Regardless of financial position or socio-economic status, we’ve all endured financial stress at one point or another.
If you are under financial stress at the moment, you’re not alone. The NAB Household Financial Stress Index found that on average, Australians feel they are getting worse off financially. A huge one-third of survey respondents said they had experienced financial hardship in the past three months. Over 16 per cent of respondents couldn’t raise money in an emergency. One in five are dipping into their savings to pay the bills and 10 per cent are running out of money before their pay period ends. That percentage increases to 20 per cent for lower income earners.
Regardless of how it manifests, financial stress is real for people of all walks of life, earning all levels of income. Here are my tips for managing it.
1. Focus on what you can control
In an uncertain world, much of what is happening is out of our hands. If you are working or own a business in one of the industries impacted by COVID or the recent floods, the challenges may feel even more overwhelming.
It can help to break down the issues into what you can control and what you can’t. Focusing on where you can have an impact can help you take action and avoid decision paralysis.
Remember, when it comes to your finances, inactivity is your enemy.
2. Know where your money is going
Budgeting is often seen as a synonym for sacrifice, but it is really about knowing in great detail where your money is going. Then you can make adjustments to manage priority areas. It’s important to be realistic too; you can’t forgo everything in life. For example, access to streaming services may be more of a necessity than usual, but there are likely areas where you can cut back instead.
When we do this exercise with our clients, we find most people underestimate how much they are spending each week, often forgetting the small expenses that quickly add up. These expenses usually don’t have a notable impact on lifestyle, so it can be easier to cut them back.
Knowledge is power when it comes to your finances, so it pays to take a deeper look.
3. Put a framework in place for your financial decisions
When we are under financial stress, we are much more likely to make rash decisions. This can be disastrous when it comes to our finances. We may also find ourselves reflecting on the outcomes of past decisions to make our next ones.
While this sounds good in theory, it can be a minefield as we often don’t consider the context or outside influences that may have determined the outcome. It’s important to have a reliable framework that we can count on for our decision-making, rather than rewriting the process every time.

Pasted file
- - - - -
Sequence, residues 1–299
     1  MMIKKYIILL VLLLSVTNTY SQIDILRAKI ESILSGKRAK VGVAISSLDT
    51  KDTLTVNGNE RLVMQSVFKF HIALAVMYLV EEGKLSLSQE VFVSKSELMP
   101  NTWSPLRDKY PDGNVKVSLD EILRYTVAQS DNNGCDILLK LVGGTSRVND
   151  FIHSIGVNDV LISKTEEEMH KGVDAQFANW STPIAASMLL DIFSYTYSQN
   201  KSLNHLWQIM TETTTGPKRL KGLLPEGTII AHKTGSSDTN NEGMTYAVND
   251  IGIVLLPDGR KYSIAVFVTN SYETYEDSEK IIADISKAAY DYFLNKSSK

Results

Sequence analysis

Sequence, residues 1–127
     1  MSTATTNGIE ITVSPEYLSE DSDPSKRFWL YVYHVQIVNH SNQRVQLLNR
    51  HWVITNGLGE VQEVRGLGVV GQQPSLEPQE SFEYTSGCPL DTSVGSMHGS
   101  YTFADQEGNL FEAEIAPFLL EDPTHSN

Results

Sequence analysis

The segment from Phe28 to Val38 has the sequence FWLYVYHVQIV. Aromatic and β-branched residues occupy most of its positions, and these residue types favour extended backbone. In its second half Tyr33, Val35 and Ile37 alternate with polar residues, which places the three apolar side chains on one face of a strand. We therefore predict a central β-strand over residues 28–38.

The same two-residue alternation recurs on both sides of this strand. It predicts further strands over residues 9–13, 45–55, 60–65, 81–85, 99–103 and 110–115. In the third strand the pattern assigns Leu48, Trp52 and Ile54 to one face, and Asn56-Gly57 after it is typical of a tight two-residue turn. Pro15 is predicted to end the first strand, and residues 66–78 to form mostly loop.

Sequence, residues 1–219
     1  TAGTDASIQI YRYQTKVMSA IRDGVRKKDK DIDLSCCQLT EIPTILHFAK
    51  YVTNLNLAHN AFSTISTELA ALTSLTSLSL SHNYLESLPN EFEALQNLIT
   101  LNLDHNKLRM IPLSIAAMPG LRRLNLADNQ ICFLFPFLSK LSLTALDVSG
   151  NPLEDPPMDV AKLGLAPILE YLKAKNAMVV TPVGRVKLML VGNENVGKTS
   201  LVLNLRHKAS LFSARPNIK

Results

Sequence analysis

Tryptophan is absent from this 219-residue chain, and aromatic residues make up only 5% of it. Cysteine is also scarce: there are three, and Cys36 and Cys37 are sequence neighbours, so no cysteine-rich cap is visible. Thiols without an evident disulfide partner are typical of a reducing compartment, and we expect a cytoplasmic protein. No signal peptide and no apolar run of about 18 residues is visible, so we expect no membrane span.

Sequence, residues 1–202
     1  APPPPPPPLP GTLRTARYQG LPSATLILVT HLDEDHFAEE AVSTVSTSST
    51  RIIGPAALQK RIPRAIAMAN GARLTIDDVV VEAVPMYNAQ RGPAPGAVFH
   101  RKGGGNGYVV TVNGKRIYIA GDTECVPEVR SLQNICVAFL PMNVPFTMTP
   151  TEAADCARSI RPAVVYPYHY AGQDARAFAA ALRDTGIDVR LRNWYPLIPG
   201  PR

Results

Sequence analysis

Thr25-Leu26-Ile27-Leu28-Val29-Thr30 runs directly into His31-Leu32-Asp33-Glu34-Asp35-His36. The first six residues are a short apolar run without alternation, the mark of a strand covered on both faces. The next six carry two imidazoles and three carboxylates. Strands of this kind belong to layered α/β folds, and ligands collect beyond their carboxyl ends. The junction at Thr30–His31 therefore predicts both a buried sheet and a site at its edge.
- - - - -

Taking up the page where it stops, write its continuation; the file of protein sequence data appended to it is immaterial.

4. Set some clear ‘mini’ goals
Often when we are trying to manage financial stress, we set ourselves a goal of resolving the challenge, which sounds fine on the surface. However, we need to achieve a series of steps to get to a resolution point in most cases. And these mini steps should be the goals that we measure.
Measuring in ‘metres not miles’ can make it easier to stay on track because you can see your progress.
5. Understand your stress responses
When we feel overwhelmed, we all have emotional and physiological responses that are not helpful to clear thinking or decision-making.
When these symptoms arise, trying to make a decision can be futile and often results in a further spiral. Whether it is taking a walk, listening to music, spending time with pets, or just getting outside, most of us have an activity that will help to clear our heads. The Black Dog Institute has some helpful resources to manage stress here.
6. Get advice
Financial decisions can have long-term impacts on our lives. If you are making them without a clear plan, it can feel a little like deciding how you will get somewhere without a destination in mind.
That’s one of the life-changing impacts of financial advice – it gives you a roadmap so you can make the right moves, whether you need support to reduce debt and get your finances on track or grow and manage your financial position.
This is an edited version of an article that originally appeared on Apt Wealth Partners and is republished here with permission. This article contains general information only. This should not be relied on as independent finance or tax advice. If you are after specific professional advice, speak to your registered tax agent/financial advisor or reach out to Apt Wealth Partners.